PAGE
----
If you were to ask anyone in the medical community if exercise is beneficial, they’re likely to give a resounding, “Yes!” in response, especially those who specialize in physical therapy treatment. Physical therapists are keenly aware of the countless ways in which exercise can help their patients feel better.
Engaging in exercise is one of the easiest ways to improve one’s health status. There are so many options available today; from heart-pumping Zumba classes to swimming, biking, and so much more. Regardless of one’s fitness goals, if a person wants to increase muscle strength or reduce their stress levels, there is a way to help them reach their goals.
Benefits of Exercise
There are so many aspects of exercise that benefit both the body and the mind. It can address issues such as muscle weakness and joint mobility issues. The right exercises can even help reduce pain levels associated with chronic issues such as arthritis. Heart-pumping exercises can help improve the cardiovascular system in a myriad of ways. Cardiovascular exercise can:
- lower blood pressure
- improve blood circulation throughout the body
- increase lung (oxygen) capacity
- strengthen the heart
- reduce heart stressors such as inflammation and high cholesterol levels
The Mayo Clinic reports that exercise can help prevent or at least improve chronic health conditions such as asthma, type 2 diabetes, dementia, and more. Working out regularly can reduce one’s risk of developing certain illnesses such as:
- breast cancer
- colorectal cancer
- prostate cancer
Many people report that exercise helps relieve stress symptoms and improves their mood by increasing their endorphin levels (also known as “runner’s high”). Group workout classes can provide people with an opportunity to socialize with others and develop lasting friendships. Lastly, as one ages, regular exercise can help prolong a person’s ability to live in their own home and maintain their independence.
What is the Right Type of Exercise for Me?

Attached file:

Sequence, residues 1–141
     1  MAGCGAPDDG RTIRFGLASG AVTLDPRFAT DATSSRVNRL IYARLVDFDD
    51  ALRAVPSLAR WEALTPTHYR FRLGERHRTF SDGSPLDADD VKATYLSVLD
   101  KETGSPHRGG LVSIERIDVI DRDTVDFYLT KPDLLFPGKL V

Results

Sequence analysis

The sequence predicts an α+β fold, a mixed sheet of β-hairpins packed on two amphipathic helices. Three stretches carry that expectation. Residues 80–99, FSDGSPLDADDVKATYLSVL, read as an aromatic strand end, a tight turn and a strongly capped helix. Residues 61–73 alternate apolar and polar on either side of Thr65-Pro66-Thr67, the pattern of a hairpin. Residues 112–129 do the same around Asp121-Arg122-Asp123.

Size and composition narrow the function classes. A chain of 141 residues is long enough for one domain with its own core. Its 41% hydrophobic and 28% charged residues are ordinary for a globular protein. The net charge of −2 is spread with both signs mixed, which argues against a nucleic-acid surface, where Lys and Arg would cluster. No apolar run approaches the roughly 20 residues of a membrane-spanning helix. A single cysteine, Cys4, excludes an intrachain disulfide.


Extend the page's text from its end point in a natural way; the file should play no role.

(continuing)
It’s always a good idea to check with your doctor before beginning an exercise program. Physical therapists are another great resource for determining which type of program is most likely to help a person reach their fitness goals. For those currently receiving physical therapy treatment for an injury, it’s especially important to check with your physical therapist before trying out a new exercise.
Truly, there is an exercise to fit almost everyone’s abilities. There are plyometric exercises that incorporate explosive and dynamic movements to help improve agility (particularly helpful for certain sports activities). The opposite of plyometric exercise is endurance (aerobic) exercise. Endurance or aerobic exercise is great for improving aerobic stamina (the ability to be physically active for a long period).
For a good cardiovascular (endurance) workout, the following activities are great options:
- Using a jump rope
There are also different types of strength training. Light weights and a high number of repetitions help improve the shape and tone of muscles, while heavier weights (powerlifting), with a lower number of reps, can help a person build high levels of strength.
Do What You Enjoy!
The great thing about working out is that it comes in so many varieties. If your daily life is very stressful and includes a lot of interaction with other people, you may prefer a quiet, early morning swim at your local pool. Conversely, if you feel the need to connect with others, many communities sponsor group yoga or Pilates classes. Local colleges, high schools, and gyms typically offer a wide variety of options as well. Lastly, sometimes engaging in exercise is as simple as putting on a supportive pair of tennis shoes and walking around the block after dinner.
It’s never too late to start an exercise program. Whether you’re fairly physically healthy, or if you’d like help with reducing pain levels or improving muscle weakness or mobility issues, there’s an ideal one for you. Contact us at Cawley Physical Therapy and Rehabilitation to get started!